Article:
IntroductionAnyone with more than a little exposure to SQL Server will soon come to the conclusion that the use of cursors is best avoided. SQL Server is a Relational Database Management System, and as such is very proficient at processing sets of data. The use of a cursor effectively repeats an operation once for each row being processed, thereby consuming far more server resources than would be necessitated by a set-based operation. In addition, since SQL cursors are processed much more slowly than set-based operations, any locks generated by the use of said cursor are held longer than would otherwise be necessary. In this way, the use of a cursor can affect not only the performance of a given batch of work, but also the performance of any other batches which need to make use of the same data resources.
In order to effectively avoid using a SQL cursor, one must know why a cursor is being used in the first place. The list below details the most common reasons why people use cursors, and some possible solutions for each problem.
Problem: The Developer or Designer is new to SQL Server
Problem: Need to update a table with incrementing column values for records already in the table
Problem: Need to use a custom identity function to perform an insert
Problem: Need to compare a row to adjacent rows in a table
Problem: The Developer or Designer is New to SQL ServerBy far, this is the most common reason for cursor usage. If a programmer is already well versed in an event-driven programming language such as Visual Basic, they will possess a great wealth of experience in dealing with data items one at a time. As such, their natural inclination when moving into SQL is to do the same. Unfortunately, what is appropriate in one language may be (and in this case is) entirely inappropriate in another.
ResolutionThe primary weapon against cursor usage in this scenario is to develop a strong understanding of the basics of Transact-SQL. There are countless courses, books, and websites dedicated to the topic. In addition, you can review the examples below, which present set-based solutions to problems which may otherwise necessitate a cursor.
If you’re still struggling with finding a set-based solution, post a question in the MSDN Transact-SQL Forum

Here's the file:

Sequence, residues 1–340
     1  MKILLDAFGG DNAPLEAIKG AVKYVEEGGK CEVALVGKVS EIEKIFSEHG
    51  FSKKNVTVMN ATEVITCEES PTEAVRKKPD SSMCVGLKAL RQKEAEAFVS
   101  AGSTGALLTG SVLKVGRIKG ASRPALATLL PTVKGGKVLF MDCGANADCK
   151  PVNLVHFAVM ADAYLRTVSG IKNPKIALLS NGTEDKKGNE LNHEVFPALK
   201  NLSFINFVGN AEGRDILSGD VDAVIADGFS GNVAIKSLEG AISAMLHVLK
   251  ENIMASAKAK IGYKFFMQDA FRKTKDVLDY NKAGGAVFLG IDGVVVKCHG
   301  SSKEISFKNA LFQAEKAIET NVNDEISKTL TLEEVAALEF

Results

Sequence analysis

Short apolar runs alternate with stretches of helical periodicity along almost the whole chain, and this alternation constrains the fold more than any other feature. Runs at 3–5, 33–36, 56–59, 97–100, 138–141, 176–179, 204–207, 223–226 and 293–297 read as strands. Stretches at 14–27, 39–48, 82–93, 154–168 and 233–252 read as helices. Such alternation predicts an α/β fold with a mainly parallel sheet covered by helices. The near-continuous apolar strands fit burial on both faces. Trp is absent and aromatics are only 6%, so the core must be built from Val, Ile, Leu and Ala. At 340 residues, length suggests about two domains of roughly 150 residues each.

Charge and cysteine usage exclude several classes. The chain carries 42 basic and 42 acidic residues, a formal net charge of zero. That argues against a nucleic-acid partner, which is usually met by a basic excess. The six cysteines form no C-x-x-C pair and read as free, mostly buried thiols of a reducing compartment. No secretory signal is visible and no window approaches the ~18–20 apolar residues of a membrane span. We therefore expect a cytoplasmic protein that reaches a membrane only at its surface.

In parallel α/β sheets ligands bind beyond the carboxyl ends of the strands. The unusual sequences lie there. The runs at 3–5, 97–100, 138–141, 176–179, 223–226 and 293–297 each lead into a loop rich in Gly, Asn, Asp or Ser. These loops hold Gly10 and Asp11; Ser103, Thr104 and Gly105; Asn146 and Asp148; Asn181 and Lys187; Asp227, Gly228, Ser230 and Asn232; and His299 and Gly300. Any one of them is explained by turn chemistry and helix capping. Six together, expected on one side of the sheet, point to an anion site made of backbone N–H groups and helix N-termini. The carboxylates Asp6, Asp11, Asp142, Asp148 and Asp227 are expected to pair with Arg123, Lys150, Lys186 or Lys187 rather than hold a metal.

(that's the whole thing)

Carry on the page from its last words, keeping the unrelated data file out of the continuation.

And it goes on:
Problem: Need to update a table with incrementing column values for records already in the tableThis problem is most often encountered when importing data from an external data source. The external data source may not have a key field, for instance, and for one of various reasons, an identity column cannot be used while importing.
ResolutionA number of methods may be employed to resolve this issue. The most efficient and straightforward method, available in SQL 2005 and greater, is to use theROW_NUMBER() function.
Using the AdventureWorks database:
ROW_NUMBER() can also be used to number rows based upon logical groupings, or partitions in data, although this is less applicable to cursor replacement. For instance, the test data contains logins from multiple domains, and you may want to number the rows in the table based upon their position within a grouping of rows from the same domain.
Also worth noting is that the sort order of the OVER clause does not have to match the sort order of the outermost query.
In the event that the numbering has to start at a number other than zero, that number can be added to ROW_NUMBER() in order to obtain the desired row numbers.
The same function can be performed, albeit far less efficiently, in SQL 2000. The following solution uses an inline subquery in order to COUNT the number of rows on or before a given LoginID:
This solution is subject to error if duplicate values are present in the columns being used for comparison. If there were two identical LoginIDs, they would both be granted the same RowKey. When dealing with duplicate fields such as this, a local temporary table can be used in order to ensure unique row numbering:
Problem: Need to use a custom identity function to perform an insertMany databases employ custom identity generation functions. There are VERY FEW good reasons for using custom identity functions in SQL Server, given the presence of IDENTITY columns and the UniqueIdentifier data type. That is not to say that you will never encounter such a situation - just that all possible alternatives should be vetted prior to deciding upon a custom identity solution.
A custom identity function commonly resembles the following: